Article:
The Influence of Widening Participation Evaluation in Higher Education

Lead Research Organisation: University of Bristol
Department Name: Education


Following Aim higher (2004-2011), widening participation (WP) departments in universities across England have been developing frameworks and tracking students to evaluate the impact of their WP outreach delivery (Bowes et al, 2015; Hayton & Bengry-Howell, 2016). The trend for more robust evaluation (qualitative and quantitative) has continued, and in 2017, the Office for Fair Access (OFFA) proposed standards for the evaluation of outreach interventions (Crawford et al, 2017). Yet, whilst focus on evaluation is growing in the Higher Education (HE) sector, there remains a gap in research exploring the influence of evaluation approach, methods and findings on WP practice and policy (Henry and Mark, 2003, Butcher et al, 2012). To address this gap, in collaboration with OFFA, this research aims to investigate the influences of WP evaluation on outreach practice and policy.
Proposed research questions (RQs):

1. How has HE widening participation evaluation been conceptualised and designed at the institutional and national levels post-Aim higher?
2. From the perspective of HE WP practitioners and national policy makers, what is the influence of evaluation approach, methods and findings on HE WP practice and policy at the individual (practitioner), institutional and national levels?

Stage 1: Document analysis and literature review

This stage will address RQ1 and at the institutional level will include a document analysis of a representative sample of ten universities' access agreements since 2015. To identify a heterogeneous group, English HE institutions will be selected using proportionate stratified sampling based upon institution type (Patton, 1990). Access agreements are working documents that HE institutions use to report to OFFA on the support they provide and evaluation outcomes of access to HE and retention within HE for under-represented groups (Bowes et al, 2013). A thematic analysis of each agreement will be conducted, allowing themes to emerge from the data (Bowen, 2009). Furthermore, to guide and support the thematic analysis of institutional access agreements, literature on WP evaluation (at the national level) published post-Aim higher will be synthesised, including peer-reviewed articles, white papers, and government reports. This additional analysis will provide further understanding of the theoretical underpinnings of WP evaluation. Using three years of access agreements will allow for the tracking of changes in the conceptualisation of WP evaluation and practice over time (ibid). OFFA will provide access agreement data for the document analysis.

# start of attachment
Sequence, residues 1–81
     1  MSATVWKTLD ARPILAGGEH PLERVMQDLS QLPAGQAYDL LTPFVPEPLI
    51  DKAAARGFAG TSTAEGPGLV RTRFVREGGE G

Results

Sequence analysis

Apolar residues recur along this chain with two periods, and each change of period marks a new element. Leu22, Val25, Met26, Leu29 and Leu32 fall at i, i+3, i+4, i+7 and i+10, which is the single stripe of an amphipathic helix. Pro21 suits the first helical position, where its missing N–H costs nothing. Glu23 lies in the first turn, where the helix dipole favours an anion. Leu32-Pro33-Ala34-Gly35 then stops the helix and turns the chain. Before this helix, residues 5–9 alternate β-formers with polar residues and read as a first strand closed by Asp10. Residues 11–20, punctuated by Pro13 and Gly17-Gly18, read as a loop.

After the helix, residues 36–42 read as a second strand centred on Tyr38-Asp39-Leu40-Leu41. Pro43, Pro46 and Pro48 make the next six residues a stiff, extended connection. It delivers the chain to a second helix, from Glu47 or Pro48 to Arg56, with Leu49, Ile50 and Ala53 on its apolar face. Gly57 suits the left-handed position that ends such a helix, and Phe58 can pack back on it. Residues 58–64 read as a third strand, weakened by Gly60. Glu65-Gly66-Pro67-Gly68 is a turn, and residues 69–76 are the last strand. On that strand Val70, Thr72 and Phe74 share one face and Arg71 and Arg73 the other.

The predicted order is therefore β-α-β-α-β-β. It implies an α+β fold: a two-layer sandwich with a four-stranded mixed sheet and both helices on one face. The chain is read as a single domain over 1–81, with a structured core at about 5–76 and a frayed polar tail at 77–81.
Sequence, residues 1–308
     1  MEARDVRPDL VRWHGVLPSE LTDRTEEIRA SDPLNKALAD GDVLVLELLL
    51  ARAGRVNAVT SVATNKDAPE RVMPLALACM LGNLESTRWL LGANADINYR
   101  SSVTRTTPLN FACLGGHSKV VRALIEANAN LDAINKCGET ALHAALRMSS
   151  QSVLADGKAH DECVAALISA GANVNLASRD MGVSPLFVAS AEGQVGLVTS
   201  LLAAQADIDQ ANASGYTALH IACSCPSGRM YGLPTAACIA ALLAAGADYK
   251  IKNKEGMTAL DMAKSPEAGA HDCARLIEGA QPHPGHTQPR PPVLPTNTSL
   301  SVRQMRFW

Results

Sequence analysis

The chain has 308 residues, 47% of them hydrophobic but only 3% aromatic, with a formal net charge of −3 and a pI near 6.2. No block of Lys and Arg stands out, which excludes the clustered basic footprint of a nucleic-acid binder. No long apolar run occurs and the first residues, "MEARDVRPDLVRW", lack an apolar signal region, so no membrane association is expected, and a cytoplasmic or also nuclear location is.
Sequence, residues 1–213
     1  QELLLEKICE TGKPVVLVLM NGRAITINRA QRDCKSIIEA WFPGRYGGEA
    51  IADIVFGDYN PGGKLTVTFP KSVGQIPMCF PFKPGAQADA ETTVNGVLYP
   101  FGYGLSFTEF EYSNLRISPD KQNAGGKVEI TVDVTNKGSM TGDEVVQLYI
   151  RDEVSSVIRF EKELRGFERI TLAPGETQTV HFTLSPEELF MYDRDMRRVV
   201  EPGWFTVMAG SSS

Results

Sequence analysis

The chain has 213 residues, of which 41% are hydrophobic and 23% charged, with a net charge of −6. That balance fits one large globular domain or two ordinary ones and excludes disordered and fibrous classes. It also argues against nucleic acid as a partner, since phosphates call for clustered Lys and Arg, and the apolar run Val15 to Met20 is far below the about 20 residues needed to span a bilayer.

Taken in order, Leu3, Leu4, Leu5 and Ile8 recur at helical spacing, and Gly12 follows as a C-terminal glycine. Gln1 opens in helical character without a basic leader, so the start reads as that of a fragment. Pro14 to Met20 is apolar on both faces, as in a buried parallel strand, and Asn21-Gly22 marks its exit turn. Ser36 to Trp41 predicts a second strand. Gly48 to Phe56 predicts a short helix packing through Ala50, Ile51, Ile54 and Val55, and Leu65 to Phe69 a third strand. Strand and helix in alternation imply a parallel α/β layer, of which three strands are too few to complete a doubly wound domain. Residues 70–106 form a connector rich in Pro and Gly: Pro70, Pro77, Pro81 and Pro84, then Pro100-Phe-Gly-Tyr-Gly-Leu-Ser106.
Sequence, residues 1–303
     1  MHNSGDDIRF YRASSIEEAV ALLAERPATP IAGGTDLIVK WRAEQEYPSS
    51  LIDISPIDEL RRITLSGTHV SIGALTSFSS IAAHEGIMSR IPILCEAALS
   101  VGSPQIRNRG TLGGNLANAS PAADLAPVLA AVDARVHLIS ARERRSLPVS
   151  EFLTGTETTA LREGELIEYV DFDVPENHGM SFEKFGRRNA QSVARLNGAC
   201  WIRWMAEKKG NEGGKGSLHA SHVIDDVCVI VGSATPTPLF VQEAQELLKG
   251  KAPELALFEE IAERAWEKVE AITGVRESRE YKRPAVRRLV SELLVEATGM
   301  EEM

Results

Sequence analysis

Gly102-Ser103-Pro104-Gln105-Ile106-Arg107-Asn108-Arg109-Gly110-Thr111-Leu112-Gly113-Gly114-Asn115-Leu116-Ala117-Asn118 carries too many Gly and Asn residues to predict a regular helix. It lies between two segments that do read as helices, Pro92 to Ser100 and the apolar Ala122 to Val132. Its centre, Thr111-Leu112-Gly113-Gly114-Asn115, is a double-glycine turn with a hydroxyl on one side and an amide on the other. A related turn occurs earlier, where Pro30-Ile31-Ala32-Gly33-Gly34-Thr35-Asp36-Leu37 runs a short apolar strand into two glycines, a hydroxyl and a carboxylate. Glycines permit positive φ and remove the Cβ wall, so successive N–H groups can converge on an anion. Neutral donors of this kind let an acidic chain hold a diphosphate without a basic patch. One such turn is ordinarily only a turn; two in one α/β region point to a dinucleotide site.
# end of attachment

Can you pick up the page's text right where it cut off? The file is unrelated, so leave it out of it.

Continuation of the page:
Stage 2: Interviews with WP practitioners and policy-makers

This stage addresses RQ2. It will include in-depth interviews with thirty WP practitioners from the stratified sample of ten HE institutions (three per institution), three national policy-makers from the Office for Students and three from the Department for Education. Literature regarding pathways to impact, or what Henry & Mark (2003) refer to as "influence pathways", will inform the interview protocol and questions. Evaluation influence can be conceptual, instrumental and symbolic (Henry & Mark, 2003). Therefore, to allow for the exploration of emergent theoretical constructs regarding evaluation influence at individual and interpersonal levels (Starks & Trinidad, 2007), thematic analysis of the data will be employed (Ritchie & Lewis, 2014). For example, to identify how evaluation has influenced practitioner's behaviour and attitudes towards WP practice. Or how discussing the process or outcomes of WP evaluation with other practitioners in the field has influenced interpersonal rhetoric about WP practice and evaluation (Henry & Mark, 2003). To reduce biases and corroborate the findings, interview data will be triangulated with data from the document analysis (Bowen, 2009).


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Studentship Projects

Project Reference Relationship Related To Start End Student Name
ES/P000630/1 01/10/2017 30/09/2027
2094845 Studentship ES/P000630/1 01/10/2018 01/10/2022 Catherine Grace Kelly